- at claim time, life insurers can only ask for a medical report that is specifically targeted to the subject matter of the claim but not for access to clinical notes regarding the consumer/policyholder
A life insurer must obtain consent from a policyholder each time it intends to:
- request a policyholder's medical records, reports or other medical information from their General Practitioner or other treating doctor, and
- share a policyholder's information with a third party
Authorisation forms for a life insurer to access a consumer's/policyholder's medical information should be contained in the contract (and not outside it) so that consumer protections apply, including laws on unfair contract terms.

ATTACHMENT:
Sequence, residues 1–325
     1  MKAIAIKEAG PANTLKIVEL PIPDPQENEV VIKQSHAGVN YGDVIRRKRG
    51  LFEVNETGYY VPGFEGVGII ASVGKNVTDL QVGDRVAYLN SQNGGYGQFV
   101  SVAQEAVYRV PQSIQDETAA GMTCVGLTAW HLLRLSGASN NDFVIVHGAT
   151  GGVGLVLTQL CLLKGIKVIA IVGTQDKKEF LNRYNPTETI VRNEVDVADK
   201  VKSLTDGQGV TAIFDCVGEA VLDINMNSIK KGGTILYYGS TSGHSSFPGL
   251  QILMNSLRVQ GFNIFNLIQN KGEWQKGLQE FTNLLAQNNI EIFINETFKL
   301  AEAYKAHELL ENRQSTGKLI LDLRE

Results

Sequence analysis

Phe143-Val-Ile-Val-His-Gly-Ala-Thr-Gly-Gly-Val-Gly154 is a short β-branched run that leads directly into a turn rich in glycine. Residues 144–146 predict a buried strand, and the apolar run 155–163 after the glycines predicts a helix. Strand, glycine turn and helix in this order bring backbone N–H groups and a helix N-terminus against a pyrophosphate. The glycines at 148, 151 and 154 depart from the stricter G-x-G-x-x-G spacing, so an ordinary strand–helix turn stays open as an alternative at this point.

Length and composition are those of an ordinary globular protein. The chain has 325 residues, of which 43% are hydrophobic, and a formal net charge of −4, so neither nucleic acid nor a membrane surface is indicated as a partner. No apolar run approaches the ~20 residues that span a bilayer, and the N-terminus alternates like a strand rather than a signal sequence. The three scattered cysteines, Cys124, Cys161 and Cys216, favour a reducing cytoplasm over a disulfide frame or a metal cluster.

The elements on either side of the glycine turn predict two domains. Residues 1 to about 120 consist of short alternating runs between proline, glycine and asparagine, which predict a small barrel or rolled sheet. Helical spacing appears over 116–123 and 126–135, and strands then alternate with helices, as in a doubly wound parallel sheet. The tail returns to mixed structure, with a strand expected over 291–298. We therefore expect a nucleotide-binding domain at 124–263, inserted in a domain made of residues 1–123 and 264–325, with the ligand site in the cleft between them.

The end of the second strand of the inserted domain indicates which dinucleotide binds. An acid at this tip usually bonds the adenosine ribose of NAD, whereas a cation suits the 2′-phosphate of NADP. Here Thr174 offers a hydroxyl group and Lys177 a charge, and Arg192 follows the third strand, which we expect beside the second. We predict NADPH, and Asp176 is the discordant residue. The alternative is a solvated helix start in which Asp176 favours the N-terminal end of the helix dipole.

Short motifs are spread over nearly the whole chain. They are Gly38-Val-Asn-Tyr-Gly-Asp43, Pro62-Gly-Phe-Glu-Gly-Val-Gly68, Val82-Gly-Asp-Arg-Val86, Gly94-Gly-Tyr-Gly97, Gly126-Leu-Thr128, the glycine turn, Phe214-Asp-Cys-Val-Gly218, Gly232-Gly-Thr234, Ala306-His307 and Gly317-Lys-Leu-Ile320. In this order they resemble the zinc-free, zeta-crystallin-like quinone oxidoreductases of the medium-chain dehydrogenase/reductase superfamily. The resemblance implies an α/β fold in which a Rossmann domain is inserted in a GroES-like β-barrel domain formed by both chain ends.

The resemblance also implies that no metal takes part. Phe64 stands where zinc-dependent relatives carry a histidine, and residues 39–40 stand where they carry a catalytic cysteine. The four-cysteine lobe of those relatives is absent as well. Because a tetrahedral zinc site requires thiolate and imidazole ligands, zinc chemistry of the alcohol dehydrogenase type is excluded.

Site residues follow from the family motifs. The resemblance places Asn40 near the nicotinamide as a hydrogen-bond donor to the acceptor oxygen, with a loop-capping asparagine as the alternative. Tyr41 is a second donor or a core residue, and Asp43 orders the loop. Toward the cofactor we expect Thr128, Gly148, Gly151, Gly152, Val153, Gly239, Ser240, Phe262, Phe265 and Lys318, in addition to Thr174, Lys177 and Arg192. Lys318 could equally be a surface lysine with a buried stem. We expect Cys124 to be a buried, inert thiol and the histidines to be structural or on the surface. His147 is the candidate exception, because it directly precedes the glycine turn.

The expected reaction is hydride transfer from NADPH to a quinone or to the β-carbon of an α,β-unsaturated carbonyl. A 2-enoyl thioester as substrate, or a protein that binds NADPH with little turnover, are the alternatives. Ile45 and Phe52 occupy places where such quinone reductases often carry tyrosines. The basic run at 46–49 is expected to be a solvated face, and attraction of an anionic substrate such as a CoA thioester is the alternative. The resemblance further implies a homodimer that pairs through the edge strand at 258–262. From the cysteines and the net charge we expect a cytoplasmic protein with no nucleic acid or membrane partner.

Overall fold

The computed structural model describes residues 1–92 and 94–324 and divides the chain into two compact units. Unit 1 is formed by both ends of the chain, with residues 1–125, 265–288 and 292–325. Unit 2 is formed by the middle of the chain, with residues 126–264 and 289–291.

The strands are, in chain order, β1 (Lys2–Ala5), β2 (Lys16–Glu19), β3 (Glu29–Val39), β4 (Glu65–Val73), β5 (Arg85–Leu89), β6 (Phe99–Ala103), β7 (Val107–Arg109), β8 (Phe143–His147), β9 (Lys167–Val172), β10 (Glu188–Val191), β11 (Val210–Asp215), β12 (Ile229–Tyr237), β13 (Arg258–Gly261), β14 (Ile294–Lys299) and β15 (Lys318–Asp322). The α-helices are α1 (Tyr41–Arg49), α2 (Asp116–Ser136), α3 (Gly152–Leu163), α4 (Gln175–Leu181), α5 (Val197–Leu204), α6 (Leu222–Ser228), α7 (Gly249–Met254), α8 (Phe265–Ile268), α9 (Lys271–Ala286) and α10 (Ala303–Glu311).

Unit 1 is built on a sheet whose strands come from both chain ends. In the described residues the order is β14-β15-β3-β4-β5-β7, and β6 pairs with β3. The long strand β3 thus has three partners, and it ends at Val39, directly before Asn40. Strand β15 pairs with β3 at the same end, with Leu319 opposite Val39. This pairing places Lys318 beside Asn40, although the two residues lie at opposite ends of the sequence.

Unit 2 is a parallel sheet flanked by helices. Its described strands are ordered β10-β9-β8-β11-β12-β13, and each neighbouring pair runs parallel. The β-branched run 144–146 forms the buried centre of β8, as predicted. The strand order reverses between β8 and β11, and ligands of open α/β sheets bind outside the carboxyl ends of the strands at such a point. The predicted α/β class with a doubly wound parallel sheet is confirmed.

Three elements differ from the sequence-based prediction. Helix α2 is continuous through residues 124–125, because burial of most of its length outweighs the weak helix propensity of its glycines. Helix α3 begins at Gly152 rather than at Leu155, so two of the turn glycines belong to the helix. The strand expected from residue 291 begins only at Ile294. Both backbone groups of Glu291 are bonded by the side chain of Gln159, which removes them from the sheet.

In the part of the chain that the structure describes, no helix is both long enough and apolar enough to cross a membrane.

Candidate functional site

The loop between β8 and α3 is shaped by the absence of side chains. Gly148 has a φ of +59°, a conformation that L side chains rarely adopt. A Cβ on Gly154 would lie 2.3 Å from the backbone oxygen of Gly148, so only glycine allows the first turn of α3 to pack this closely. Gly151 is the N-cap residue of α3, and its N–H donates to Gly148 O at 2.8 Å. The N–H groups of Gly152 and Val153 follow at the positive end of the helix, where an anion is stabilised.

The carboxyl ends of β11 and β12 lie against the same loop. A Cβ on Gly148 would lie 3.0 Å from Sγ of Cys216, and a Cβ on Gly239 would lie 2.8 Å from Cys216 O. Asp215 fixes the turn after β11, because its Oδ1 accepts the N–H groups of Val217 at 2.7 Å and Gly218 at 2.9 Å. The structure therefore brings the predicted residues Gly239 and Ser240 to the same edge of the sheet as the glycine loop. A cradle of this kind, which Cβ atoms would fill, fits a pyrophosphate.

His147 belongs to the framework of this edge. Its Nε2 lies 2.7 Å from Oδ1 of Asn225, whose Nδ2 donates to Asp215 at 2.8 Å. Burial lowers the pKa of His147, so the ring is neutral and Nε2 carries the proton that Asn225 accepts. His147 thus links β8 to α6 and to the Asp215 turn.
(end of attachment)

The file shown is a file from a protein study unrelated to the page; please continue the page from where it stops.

Life insurers should institute real-time disclosure that would allow consumers to track the progress of their claim.
The FSC, in consultation with the Australian Genetic Non-Discrimination Working Group, should consider a moratorium on life insurers using predictive genetic information (subject to limited exceptions) and standards should be updated accordingly.
Life insurers should be banned from using predictive genetic information until standards are updated.
The government review of Corporations Regulation 7.1.33 to consider whether the exemption of insurance claims handling processes should continue.
An insurer should provide a person with written reasons when an application for insurance has been rejected or an insurance claim denied with a plain English summary of the evidence targeted to the part of a person's medical history relied on by the insurer. The statistical and actuarial evidence and other material relied on by the insurer should be available on request.
The life insurance industry should:
- regularly update all definitions in policies to align with current medical knowledge and research